The Most Dangerous Place on Earth: A Novel

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Release Date: 
January 2, 2017
Random House
Reviewed by: 

The setting for this debut novel by Lindsey Lee Johnson is a high school in the over-privileged enclave of Mill Valley, California. The story is a sociological case study in how radically high school has changed here in the 21st century—especially among the well off—who have free and easy access to drugs, alcohol, all manner of social media and, uh, not a whit of responsibility.

Where are the parents you may ask? They are absent from the lives of their children, clueless when it comes to their hearts and souls, and preoccupied with their own quests for materialism and sex, whichever comes first. Divorce of course is rampant, as is casual alcoholism and harsh abandonment. 

Over the course of the book, the author introduces us to various students and tells the story of their high school years through nine points of view. The stunning thing—and this is a testament to Johnson’s outsized talent—is that, while the stories are not new (a male teacher taking full advantage of an innocent teen girl, for instance), the reader remains totally absorbed.

These are fully realized characters and one comes to live inside their minds as they struggle to make it to adulthood and try to figure out, not only what they want for themselves, but how to satisfy or dismiss what everyone else wants for them.

Among the teachers, newcomer Molly Driscoll stands out. Driscoll, who is a naïve mess herself, is not always on the money with her observations but at least she’s trying. After she pleads with one female student “Why not try?” the reader comes to understand just how impossible it is to get through to high school students. It is like telling a depressed person to get over it. The type of advice adults hand out seems foreign and annoying to the struggling teens.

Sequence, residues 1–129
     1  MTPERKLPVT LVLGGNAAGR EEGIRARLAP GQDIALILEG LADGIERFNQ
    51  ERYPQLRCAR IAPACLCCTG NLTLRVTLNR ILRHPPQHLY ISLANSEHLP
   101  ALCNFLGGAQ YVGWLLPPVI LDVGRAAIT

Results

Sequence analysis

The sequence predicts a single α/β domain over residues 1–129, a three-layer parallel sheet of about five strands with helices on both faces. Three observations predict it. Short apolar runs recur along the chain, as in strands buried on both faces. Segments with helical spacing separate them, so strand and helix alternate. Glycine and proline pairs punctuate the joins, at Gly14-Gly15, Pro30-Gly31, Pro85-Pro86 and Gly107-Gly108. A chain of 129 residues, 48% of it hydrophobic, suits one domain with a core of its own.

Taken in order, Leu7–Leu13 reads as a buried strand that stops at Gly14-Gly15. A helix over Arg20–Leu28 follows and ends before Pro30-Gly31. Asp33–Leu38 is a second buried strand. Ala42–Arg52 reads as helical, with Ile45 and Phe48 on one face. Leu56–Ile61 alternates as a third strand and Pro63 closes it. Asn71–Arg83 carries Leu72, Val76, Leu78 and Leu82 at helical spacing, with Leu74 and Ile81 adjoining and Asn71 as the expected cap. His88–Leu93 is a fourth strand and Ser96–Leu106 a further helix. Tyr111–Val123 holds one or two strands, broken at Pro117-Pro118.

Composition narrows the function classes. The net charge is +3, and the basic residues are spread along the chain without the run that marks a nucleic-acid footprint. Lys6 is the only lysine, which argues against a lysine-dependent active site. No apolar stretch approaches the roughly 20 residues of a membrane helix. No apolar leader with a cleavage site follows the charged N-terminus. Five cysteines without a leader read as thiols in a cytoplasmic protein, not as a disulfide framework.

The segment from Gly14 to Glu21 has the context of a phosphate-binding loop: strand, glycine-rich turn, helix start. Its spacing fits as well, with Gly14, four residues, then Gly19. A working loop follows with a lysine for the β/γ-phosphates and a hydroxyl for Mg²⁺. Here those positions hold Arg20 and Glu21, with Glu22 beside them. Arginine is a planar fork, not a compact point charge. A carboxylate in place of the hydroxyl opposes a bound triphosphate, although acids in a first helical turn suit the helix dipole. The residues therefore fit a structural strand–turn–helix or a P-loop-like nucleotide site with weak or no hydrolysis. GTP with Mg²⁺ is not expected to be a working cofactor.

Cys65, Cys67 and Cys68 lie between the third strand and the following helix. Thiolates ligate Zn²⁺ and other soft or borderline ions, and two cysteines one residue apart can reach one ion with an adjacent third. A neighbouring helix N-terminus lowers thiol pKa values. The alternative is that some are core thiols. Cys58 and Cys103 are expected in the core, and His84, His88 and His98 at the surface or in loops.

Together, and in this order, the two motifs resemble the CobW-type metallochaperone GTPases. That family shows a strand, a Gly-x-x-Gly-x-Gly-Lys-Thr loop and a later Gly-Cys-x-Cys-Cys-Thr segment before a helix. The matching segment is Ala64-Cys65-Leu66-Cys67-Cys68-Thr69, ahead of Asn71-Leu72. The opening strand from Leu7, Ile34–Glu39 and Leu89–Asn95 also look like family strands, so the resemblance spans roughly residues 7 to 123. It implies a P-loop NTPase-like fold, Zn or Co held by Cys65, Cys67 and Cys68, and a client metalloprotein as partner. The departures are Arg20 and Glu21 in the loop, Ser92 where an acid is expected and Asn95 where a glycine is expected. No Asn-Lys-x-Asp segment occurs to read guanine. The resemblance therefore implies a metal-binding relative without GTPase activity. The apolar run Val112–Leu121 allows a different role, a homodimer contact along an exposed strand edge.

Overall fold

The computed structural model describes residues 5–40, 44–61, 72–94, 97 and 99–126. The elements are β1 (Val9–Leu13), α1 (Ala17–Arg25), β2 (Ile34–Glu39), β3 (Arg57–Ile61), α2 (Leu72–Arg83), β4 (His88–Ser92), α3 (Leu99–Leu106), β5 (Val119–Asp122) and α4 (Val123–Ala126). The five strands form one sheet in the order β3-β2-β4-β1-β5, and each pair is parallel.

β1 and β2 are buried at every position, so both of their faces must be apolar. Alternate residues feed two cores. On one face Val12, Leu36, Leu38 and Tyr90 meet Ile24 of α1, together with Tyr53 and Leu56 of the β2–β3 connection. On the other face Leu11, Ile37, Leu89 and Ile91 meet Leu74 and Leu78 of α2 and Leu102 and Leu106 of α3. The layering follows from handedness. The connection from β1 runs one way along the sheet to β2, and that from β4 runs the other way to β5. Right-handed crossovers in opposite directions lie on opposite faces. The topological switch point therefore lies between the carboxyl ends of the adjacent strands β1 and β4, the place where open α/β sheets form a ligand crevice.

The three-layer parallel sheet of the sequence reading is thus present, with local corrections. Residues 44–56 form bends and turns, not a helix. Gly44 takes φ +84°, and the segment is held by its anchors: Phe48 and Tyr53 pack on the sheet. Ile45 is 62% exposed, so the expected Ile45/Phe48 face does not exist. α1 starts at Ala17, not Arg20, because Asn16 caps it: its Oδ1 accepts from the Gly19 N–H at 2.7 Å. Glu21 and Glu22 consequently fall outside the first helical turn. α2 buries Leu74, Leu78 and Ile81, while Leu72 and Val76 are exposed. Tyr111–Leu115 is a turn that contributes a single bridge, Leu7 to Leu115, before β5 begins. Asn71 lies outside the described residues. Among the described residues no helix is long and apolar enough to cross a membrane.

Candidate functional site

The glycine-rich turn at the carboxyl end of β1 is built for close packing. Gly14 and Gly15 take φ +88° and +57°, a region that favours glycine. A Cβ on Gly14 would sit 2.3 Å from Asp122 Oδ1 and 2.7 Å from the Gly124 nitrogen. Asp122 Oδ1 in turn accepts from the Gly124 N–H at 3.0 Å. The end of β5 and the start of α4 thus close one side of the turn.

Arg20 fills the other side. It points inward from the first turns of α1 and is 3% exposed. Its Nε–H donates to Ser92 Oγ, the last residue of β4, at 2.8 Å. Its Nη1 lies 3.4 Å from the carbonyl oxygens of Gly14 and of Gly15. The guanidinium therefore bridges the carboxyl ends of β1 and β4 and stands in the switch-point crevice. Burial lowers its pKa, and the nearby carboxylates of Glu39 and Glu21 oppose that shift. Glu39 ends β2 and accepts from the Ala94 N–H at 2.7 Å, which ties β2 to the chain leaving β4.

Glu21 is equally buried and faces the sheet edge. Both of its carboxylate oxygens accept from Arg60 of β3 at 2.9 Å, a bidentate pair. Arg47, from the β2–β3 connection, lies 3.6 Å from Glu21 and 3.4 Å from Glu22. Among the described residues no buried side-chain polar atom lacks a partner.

And there are surprises along the way, especially from one student (saying which one would be a spoiler) who runs away before his senior year. On the road, his life seems so distant that he cannot help but call home to convince himself he’s not on another planet. He dials the number from a pay phone and reaches his mother’s voice mail. The result is heartbreaking:

“Her voice was bright, smooth, oblivious. Contained in the machine, it was like another person’s mother in another person’s life. At the same time, he heard it in a deeper place and with sudden force remembered being small, the sweat and powder of her body as she’d opened her robe in the morning and he’d wrapped himself inside, pressed his ear to the soft cotton nightgown to hear the steady throbbing of her heart. He knew her, a determined kind of woman: given the slightest clue to follow, she would never stop searching for the boy he wasn’t anymore.

“He believed that it would be his first unselfish act, his kindness, to lay the phone in its cradle and walk away.”